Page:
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Green goods from blue boxes

Winnipeg Harvest program gets $60,000

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Emterra Group founder and CEO Emmie Leung (right) presents Winnipeg Harvest board president Gordon Pollard with a cheque for $60,000 towards the food bank’s community garden programs.

PHOTO BY JARED STORY Enlarge Image

Emterra Group founder and CEO Emmie Leung (right) presents Winnipeg Harvest board president Gordon Pollard with a cheque for $60,000 towards the food bank’s community garden programs. Photo Store

Winnipeg Harvest’s garden is growing.

On July 24, Emterra Group announced it’s giving Winnipeg Harvest $60,000 over three years to expand the food bank’s community garden programs.

The funding comes from Emterra’s inaugural "plant-to-plate" project, which the waste management company hopes to expand to other Canadian cities through its national Community Care program.

"I find that the (Harvest) program is very inspired," said Emmie Leung, Emterra’s founder and CEO.

"They help the needy and teach them to eat the right way, sustainably, grow healthy food and make the environment stronger. Also, they help people to help themselves. You teach them how to fish and then they can stand on their own feet. By helping them to grow food, people can now do that at their own home."

The funding announcement was made in Harvest’s community garden, a two-acre plot behind its 1085 Winnipeg Ave. location. The space features a plethora of raised garden boxes, as well as dozens of blue boxes and old tires containing various plants. The garden is tended to by Harvest’s volunteer clients, as well as school groups, summer camps and special education students.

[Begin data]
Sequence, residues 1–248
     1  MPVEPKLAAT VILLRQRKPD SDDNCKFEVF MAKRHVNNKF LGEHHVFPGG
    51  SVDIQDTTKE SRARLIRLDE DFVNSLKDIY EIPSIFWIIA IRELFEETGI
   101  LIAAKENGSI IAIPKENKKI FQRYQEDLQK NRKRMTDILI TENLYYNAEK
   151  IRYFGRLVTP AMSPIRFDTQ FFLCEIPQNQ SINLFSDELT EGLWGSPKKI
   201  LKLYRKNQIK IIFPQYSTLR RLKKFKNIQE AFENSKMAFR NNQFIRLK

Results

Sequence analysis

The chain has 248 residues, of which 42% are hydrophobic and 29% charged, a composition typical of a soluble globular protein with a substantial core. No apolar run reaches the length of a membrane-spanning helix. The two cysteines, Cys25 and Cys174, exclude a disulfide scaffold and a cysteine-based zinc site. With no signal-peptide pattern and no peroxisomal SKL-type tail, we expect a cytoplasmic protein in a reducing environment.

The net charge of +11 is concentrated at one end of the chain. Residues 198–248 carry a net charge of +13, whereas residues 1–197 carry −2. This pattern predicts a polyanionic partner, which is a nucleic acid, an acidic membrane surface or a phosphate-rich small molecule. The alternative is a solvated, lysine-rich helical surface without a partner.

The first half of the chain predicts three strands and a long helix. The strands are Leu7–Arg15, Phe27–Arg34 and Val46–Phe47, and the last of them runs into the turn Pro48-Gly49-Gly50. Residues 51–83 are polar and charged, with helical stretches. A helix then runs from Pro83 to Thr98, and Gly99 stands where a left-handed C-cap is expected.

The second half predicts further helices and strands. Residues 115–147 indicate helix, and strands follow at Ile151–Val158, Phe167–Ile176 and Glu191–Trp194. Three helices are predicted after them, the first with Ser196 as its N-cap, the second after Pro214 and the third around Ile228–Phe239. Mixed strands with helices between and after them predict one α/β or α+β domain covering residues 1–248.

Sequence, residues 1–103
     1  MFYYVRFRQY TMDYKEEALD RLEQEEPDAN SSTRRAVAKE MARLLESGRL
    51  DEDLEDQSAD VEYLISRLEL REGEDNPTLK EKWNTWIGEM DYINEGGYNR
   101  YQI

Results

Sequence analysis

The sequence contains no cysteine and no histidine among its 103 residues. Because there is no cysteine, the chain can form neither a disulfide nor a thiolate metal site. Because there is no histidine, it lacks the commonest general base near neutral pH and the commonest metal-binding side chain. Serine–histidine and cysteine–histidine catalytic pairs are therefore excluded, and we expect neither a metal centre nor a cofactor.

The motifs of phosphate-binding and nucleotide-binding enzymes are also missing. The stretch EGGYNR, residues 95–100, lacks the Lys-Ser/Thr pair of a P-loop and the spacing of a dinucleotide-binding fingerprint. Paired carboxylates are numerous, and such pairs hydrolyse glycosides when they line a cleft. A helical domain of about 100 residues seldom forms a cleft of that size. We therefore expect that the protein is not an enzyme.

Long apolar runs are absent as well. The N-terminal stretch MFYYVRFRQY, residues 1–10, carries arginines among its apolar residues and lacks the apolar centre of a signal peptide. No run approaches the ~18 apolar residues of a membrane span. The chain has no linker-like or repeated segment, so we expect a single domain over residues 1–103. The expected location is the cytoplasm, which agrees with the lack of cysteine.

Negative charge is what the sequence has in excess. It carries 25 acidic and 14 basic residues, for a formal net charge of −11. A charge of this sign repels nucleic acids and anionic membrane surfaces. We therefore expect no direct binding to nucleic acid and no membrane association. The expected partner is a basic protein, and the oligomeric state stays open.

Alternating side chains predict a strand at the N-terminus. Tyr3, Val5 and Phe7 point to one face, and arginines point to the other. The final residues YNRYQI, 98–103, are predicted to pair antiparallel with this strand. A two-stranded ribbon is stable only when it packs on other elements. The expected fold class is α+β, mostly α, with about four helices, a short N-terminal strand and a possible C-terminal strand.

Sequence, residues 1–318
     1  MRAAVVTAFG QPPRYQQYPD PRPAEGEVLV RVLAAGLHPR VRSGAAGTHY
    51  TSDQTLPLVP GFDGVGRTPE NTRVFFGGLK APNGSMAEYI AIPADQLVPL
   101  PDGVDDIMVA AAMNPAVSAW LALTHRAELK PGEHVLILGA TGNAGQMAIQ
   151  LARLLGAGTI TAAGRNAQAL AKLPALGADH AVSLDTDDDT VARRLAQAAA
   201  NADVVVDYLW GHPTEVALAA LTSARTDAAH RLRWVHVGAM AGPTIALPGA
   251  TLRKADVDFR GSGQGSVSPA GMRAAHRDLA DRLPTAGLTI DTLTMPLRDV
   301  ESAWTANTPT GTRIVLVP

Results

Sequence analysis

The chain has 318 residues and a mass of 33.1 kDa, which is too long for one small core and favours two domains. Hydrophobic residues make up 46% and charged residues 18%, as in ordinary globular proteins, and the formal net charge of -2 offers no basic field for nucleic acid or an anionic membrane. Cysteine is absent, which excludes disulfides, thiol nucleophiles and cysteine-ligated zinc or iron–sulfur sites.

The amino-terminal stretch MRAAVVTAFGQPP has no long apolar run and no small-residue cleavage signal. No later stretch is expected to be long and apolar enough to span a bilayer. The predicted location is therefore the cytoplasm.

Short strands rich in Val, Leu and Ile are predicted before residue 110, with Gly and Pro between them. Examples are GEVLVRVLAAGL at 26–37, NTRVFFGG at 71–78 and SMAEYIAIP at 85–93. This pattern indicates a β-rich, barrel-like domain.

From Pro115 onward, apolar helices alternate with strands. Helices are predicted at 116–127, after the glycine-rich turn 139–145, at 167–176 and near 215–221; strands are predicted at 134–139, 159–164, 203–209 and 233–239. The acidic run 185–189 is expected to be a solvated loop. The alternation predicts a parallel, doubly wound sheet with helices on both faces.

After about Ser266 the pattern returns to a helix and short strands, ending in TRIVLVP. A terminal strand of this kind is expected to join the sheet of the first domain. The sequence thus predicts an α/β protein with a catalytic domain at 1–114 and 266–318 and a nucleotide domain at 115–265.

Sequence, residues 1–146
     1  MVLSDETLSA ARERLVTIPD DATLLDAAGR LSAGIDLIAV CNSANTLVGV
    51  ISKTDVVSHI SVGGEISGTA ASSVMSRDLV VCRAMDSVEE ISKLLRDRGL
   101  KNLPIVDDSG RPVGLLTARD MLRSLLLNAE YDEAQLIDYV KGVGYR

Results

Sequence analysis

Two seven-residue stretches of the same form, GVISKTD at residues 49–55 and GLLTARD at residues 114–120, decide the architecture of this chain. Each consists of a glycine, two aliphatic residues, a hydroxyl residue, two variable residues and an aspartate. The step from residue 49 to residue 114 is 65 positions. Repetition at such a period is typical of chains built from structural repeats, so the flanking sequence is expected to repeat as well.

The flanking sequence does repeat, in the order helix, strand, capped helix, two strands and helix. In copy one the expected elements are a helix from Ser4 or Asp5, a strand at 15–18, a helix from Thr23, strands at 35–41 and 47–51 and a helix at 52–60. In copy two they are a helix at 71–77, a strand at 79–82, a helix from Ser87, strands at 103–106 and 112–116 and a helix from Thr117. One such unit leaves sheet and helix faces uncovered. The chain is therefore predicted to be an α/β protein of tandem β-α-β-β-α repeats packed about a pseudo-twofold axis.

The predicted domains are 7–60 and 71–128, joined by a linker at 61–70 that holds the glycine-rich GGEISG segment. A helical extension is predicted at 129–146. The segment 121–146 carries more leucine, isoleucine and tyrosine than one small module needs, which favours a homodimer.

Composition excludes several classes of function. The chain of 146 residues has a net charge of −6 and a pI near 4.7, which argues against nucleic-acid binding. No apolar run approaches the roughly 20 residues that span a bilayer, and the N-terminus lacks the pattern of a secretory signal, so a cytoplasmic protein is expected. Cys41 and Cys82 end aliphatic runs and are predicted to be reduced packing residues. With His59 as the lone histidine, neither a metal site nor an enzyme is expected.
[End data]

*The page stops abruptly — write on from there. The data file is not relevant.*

"We also use the produce we collect here in our kitchen, which we feed all the volunteers at Harvest with every day," said Gordon Pollard, Winnipeg Harvest board president. "We use it in our kitchen every day to feed the people who help us get food out to Winnipeggers and Manitobans."

Harvest’s community garden program has been running for almost 30 years with its Grow-A-Row initiative, which encourages people to plant an extra row of veggies in their garden for donation, but the garden behind Harvest is a brand-new project for the food bank.

"We wanted to be able to show kids that ‘Look, your food doesn’t just come from a box. You can get fresh produce. You could take one of those blue boxes and grow food yourself at your own home.’ That’s the kind of thing we’re looking to promote."

Leung, a former Winnipegger, immigrated to the city from China in 1972, graduating from the University of Manitoba with a BA in commerce. She said in her speech that Winnipeg "planted a seed, for my future and for the business."

"Winnipeg is the first place I landed and is close to my heart," Leung said. "I’d love to live here in Winnipeg, but the business takes me to lots of places. This is a way of giving back to the community."

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